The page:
Every week, I slither into the sewer that is the Netflix bargain basement and see what atrocities lurk below the surface of mainstream TV reruns, hit movies you’ve seen a hundred times before, and unspeakable Adam Sandler Originals.

THE HOST (2006)

The Host (2006) has a reputation as a Cult Classic.  Upon release, it got pretty good reviews and it’s a movie I have wanted to see for a while, but never got around to it… until now.

The Host is a South Korean Giant Monster Movie Horror/Satire.  There’s a quick prologue as coroners dump gallons of formaldehyde down the drain into the Han River.  The movie gets down to business pretty quickly as, years later, a giant mutant Fish-Squid-Lizard thing with a prehensile tale slither-runs out of the Han River and attacks a bunch of tourists.

The initial attack is pretty terrific.  The monster being a mutant Thing-That-Should-Not be is clumsy and pretty bad at killing people.  Ultimately, the Host grabs up adorable moppet Hyun-Seo and whisks her off into the river.  Her family mourns her, but is she really dead?   In a funny scene, they histrionically carry on at the mass funeral, finally collapsing in grief.

Magnolia Pictures

Our main characters are Hyun-Seo’s family: Grandpa who vows vengeance on the beast, Auntie Nam-Joo, who’s an Olympic Archer, her slacker Uncle, and finally burned-out dad Gang-Du who was sprayed with monster blood trying to rescue a plump tourist and gets infected with monster pox.  When Gang-Du gets a mysterious phone call from the girl saying she’s still alive, the family decides to hunt down the monster.

Plot complications arise as the Korean Government gasses and kidnaps witnesses to cleanse them… or study them?  Government Agents claim the monster is so toxic that just touching it causes skin lesions.  Then Government agents spray gas disinfectant all over the river to poison the monster.  Yeah, like that’ll work.

Magnolia Pictures

After this, the movie bogs down in a series of repetitive scenes of the family trying to rescue Hyun-Seo and failing, Gang-Du getting captured, tortured by doctors for research, and then escaping only to get captured again, and scenes of Hyung-Seo trying and failing to escape.  Maybe the filmmakers were going for a nightmarish, “you can never escape the monster pursuing you” quality, but I found it pretty exhausting.  Maybe watching it on TV sapped some of the excitement and tension. I can’t say for sure.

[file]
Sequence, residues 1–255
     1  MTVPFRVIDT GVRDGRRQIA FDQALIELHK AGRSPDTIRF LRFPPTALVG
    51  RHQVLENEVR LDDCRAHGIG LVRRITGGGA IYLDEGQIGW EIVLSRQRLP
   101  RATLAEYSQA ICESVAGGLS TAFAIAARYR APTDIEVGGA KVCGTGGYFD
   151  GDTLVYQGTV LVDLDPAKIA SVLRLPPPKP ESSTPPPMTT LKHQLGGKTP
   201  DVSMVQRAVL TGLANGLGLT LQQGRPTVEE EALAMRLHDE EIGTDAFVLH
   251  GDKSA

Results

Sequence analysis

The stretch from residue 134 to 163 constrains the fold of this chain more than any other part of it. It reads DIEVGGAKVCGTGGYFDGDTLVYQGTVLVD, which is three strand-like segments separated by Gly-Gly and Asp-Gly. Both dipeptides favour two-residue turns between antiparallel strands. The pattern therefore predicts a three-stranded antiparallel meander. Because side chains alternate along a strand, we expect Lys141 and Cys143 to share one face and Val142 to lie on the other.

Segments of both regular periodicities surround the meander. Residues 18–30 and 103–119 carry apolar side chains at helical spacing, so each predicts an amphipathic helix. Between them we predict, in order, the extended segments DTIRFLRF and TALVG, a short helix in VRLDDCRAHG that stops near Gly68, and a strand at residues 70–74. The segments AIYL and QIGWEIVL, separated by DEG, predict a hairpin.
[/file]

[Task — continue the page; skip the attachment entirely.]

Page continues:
The Host is very well made and well acted.  Most importantly, the monster looks terrific with both practical and computer effects handled by Weta and The Orphanage.  It is effectively slithery and repugnant.  Unlike in Spectral, the washed out colors are used for thematic effect as the rain falls continuously, there is lots of rotting stuff, mentions of disease, thick disinfectant smoke, and a grody monster lair.  The filmmakers continually remind us that this monster is gross and diseased, so everyone wears masks and Government Agents wear hazmat suits.  There is a running motif of humans eating disgusting stuff like squids and oysters to parallel the monster, who’s awful diet includes humans.  All of this effectively creates a delightfully melancholic and icky mood.

Magnolia Pictures

BOTTOM LINE: Like all Kaiju films, the movie is a little hokey whenever the Big Guy is off-screen.  There are nice moments of humor, like Hyun-Seo making phone calls whenever a new victim is burped up and she takes their cell phone.  Or how Auntie is comically prevented from ever shooting an arrow, but it stops being funny about halfway through.  Ultimately, the movie is 20 minutes too long, but this is Netflix, where you can pause whenever you like. so for Giant Monster Movie fans like myself, you should definitely check it out.

By Channing Kapin

I am a professional writer living in Van Nuys, CA. I have spent the last 20 years honing my sarcasm writing for the internet. I have two cats, a dog and an imaginary hairless mole rat.